These details had been pointed out to the bureaucrats in Washington by the priggish Frederick Bates (above), Territorial Lieutenant Governor and envious enemy of Governor Lewis. Bates had kept Washington very well informed about every misstep made by the Governor and even invented a few. The result was that the Madison administration, which had not picked Lewis, had begun going over the Governor's expenses with a fine tooth comb. They grudgingly paid most of the bill for White Coyote's return, but managed to find $940 they could refuse to reimburse Lewis for. That was almost half his yearly budget! Worse still, the Madison administration had re-opened the books on the three year old Lewis and Clark Expedition, and were now demanding a detailed accounting as to why a budget of $2,500 had ended up costing $40,000. The biggest reasons was, of course, that an enthusiastic congress, at Jefferson's urging, had added those land grants for everybody. But the Madison administration had suddenly developed amnesia about that.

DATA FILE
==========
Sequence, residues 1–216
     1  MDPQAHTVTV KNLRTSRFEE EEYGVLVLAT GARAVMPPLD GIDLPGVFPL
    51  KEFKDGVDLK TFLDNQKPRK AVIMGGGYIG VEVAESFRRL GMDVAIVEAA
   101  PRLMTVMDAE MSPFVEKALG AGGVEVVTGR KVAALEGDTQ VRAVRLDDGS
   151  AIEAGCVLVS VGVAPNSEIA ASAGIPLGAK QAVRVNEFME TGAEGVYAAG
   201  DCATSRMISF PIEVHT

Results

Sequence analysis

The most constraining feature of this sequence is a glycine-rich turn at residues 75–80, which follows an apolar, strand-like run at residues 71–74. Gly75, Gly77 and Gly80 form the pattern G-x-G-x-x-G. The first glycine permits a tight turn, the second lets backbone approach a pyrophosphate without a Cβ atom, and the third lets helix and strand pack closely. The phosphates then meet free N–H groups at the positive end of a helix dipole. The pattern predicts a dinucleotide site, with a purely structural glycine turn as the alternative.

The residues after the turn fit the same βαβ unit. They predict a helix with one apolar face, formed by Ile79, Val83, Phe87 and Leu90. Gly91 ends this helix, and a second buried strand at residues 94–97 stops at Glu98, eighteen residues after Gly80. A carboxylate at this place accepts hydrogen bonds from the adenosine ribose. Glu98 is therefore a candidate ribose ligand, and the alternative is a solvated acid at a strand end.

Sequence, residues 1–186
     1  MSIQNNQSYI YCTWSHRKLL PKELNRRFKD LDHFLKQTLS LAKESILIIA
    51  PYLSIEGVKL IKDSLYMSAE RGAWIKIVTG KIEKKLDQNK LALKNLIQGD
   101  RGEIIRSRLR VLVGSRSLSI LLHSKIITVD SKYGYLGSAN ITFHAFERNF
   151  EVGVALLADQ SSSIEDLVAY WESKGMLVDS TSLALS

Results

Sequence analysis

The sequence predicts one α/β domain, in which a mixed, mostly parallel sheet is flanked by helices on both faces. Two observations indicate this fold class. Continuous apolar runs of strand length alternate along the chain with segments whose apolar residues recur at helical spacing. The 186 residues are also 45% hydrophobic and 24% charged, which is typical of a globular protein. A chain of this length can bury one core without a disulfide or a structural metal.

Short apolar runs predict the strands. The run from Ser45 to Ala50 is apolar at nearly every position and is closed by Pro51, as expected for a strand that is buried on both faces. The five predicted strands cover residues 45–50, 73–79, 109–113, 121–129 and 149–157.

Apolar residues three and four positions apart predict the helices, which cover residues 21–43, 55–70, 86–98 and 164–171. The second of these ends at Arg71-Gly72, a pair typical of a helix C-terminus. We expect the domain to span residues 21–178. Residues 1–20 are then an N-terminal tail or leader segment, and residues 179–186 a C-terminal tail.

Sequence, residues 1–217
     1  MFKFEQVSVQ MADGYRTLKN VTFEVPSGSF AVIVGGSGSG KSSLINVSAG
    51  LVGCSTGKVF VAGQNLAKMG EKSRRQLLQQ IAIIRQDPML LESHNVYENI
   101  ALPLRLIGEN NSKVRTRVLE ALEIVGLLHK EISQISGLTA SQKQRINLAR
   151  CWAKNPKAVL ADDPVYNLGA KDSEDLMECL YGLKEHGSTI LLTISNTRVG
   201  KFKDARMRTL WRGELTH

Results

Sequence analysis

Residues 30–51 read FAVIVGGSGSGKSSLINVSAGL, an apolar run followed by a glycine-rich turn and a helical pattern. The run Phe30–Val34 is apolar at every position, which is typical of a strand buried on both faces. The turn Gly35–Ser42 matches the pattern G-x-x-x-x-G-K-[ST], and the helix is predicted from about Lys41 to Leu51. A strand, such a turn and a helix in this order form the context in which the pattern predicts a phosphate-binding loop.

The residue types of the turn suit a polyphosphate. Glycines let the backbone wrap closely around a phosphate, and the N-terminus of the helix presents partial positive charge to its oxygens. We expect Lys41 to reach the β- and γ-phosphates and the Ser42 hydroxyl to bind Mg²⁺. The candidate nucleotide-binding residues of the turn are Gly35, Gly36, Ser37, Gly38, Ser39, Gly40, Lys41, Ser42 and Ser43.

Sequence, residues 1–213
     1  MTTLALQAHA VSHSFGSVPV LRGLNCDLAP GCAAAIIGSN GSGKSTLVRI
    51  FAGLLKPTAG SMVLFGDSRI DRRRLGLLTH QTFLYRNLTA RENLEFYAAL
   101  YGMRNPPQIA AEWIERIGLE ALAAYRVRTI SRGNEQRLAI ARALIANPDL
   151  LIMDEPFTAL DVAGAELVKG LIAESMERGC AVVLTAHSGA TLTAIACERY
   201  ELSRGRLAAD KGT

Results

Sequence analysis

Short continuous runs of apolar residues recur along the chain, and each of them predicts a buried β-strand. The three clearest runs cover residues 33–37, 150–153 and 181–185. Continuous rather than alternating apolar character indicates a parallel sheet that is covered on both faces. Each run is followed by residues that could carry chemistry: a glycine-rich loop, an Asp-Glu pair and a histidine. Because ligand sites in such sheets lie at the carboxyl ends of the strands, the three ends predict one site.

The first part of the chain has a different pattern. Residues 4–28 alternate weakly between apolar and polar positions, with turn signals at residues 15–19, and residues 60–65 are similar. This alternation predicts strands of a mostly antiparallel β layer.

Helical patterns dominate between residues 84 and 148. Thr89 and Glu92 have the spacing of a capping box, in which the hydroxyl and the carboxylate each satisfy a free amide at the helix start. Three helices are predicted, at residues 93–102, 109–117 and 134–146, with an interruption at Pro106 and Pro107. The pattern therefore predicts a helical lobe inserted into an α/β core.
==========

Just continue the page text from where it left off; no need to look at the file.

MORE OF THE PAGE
The reality was that the land grants had not cost the government a dime, except in the accounting ledgers of the bean counters. But over the summer it took a month for one of the bureaucrats' demands for more paperwork to travel from Washington to St. Louis, and at least another month for Governor Lewis to respond. In the winter there was no mail at all, and for months at a time the misconstructions and misunderstandings simply piled one atop the next. It was a system made for bureaucratic misunderstandings, and the denial of the $18 translating fee was just the final straw. Meriwether Lewis, Governor of the Territory, must return to Washington and make his case face-to-face with the Federal bean counters.
In mid-August of 1809 Meriwether Lewis signed papers granting William Clark and two other friends Power-of-Attorney, in case anything should happen to him on his trip back east. It was a standard precaution, like buying flight insurance in the 21st century. You see Lewis had finally found a wife, and he had to provide for her. Lewis also sent a letter off to the Secretary of War protesting his treatment, and a letter to his mother, telling her he was looking forward to seeing her in Virginia. None of these were the actions of man who did not expect to return.